Dozens of school districts serving military installations across the country have seen their enrollments expand by the hundreds during this school year as domestic military realignments and armed-forces reductions in Europe force the relocation of troops and their children.
To deal with the problem, many such districts have overcrowded their existing classrooms or put together makeshift ones, dipped into their reserve funds or borrowed to hire new teachers, and engaged in speculative planning.
Moreover, observers say, the predicament facing districts that experience a tremendous influx of students of military families is expected to grow more severe over the next several years as the services intensify their efforts to reduce their ranks by 25 percent. The problem is expected to outstrip that faced by school districts that lose students as a result of domestic-base closures. (See Education Week, April 29, 1992.)
“We have a saying down here, ‘There is no such animal as a long-range plan,’'' said Robert Edmonson, the administrative assistant to the superintendent of the Killeen (Tex.) Independent School District, one of the most severely affected districts in the nation. “Flexibility is the big word down here.’'
According to the National Association of Federally Impacted Schools, a lobbying organization that represents school districts that serve the children of military personnel, as many as 20 school districts around the country have received a large influx of students since last fall.
Students have “sort of trickled in during the course of the school year,’' said John Forkenbrock, the executive director of the association.
School districts hope to persuade federal officials to approve a one-time emergency appropriation to help them cope with the increases. Several moves are afoot here to address the problem.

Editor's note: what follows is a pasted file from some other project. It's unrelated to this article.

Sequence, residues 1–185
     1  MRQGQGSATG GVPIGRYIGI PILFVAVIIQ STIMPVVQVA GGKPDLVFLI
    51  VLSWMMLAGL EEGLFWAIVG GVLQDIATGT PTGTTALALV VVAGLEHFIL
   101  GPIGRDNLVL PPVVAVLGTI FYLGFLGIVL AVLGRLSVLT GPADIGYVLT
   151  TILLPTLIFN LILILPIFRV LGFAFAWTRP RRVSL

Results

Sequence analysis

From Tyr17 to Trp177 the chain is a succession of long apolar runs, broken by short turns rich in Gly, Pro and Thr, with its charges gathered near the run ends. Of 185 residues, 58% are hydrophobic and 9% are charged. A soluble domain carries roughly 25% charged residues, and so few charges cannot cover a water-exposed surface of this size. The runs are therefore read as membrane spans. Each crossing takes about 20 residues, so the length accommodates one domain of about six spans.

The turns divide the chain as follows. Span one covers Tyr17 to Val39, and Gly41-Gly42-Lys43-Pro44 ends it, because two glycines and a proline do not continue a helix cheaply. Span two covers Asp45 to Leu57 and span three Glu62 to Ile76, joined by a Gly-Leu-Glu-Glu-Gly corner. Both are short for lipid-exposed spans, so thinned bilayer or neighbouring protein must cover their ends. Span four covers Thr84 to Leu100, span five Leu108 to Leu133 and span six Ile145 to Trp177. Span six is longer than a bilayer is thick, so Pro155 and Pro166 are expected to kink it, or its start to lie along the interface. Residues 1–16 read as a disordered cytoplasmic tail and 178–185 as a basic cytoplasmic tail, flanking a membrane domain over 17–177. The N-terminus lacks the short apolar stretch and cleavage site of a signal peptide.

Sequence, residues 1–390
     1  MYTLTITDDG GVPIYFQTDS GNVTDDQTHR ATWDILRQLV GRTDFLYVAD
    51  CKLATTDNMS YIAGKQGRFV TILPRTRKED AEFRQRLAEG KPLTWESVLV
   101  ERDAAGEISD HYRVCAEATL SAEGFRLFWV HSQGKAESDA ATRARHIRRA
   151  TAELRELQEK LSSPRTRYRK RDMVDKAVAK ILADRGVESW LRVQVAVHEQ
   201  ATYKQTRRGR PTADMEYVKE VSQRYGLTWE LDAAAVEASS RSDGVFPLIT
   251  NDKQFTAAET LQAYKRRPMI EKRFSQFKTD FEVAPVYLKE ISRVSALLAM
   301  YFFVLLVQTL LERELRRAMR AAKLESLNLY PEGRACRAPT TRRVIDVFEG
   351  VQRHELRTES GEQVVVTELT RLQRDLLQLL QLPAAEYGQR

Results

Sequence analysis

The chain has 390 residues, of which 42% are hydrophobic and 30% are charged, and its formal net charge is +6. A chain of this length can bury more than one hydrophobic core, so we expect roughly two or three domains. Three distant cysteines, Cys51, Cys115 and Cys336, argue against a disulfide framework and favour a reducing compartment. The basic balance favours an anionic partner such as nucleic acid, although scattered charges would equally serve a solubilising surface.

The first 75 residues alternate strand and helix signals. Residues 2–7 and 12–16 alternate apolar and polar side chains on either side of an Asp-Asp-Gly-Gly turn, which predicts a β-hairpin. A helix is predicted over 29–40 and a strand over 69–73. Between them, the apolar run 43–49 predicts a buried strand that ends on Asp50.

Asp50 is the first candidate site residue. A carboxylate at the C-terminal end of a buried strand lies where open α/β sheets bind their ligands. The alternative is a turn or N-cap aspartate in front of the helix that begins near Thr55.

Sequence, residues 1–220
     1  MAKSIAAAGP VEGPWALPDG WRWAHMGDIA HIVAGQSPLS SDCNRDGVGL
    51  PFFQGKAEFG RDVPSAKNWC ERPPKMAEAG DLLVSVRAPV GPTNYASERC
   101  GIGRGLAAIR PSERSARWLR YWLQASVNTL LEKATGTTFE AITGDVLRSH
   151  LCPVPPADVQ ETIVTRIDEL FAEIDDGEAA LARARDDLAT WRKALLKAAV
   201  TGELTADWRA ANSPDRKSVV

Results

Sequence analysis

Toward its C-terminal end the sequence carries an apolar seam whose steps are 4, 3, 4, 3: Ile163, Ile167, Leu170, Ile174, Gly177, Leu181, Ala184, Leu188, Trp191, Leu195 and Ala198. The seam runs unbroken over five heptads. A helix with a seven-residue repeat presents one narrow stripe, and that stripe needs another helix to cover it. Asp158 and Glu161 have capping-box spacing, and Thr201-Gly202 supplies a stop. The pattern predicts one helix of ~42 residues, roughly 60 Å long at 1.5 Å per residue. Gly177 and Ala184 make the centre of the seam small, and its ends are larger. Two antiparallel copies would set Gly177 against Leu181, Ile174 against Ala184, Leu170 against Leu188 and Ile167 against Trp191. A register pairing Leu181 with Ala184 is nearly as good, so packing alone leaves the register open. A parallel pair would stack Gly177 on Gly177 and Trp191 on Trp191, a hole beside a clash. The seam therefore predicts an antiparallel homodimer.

Mr. Forkenbrock and aides to Senator David L. Boren, Democrat of Oklahoma, agreed last week to pursue the issue in the Senate during discussion of the Department of Defense reauthorization bill.
With few exceptions, district officials say, the increases are due to military cutbacks in Europe. One exception, the Killeen district, which educates children from nearby Fort Hood, is receiving students whose parents are being transferred from Fort Polk in Louisiana.
The Killeen district, which started the year with about 13,700 military students, received an additional 924 over the course of the school year.
Mr. Edmonson said the additional students forced the district to ask the state for a waiver from the law that limits each classroom to 22 students. Some classes, he said, now hold as many as 30 students.
The district is already using 150 portable buildings for classrooms, he said, as well as a theater stage and “traveling’’ teachers, who do not have classrooms.
It is also building additions on four elementary schools along with one new elementary school that will hold 900 students, and is planning a new intermediate school for 4th and 5th graders.
Total construction costs for those projects are expected to reach $70 million, Mr. Edmonson said, and the district has applied for $9 million in impact-aid construction funds from the federal government. The remainder will be raised through state and local sources, he said.
Killeen’s enrollment woes are going to compound tremendously, however, when no fewer than 3,236 students, and possibly as many as 4,444, arrive from the closing of Fort Polk by the end of the 1993-94 school year.
“Even though we’ve already started building, there is no way we can build that fast to handle that kind of influx,’' Mr. Edmonson said.
Effects Seen Elsewhere
Other school districts are being affected in similar ways: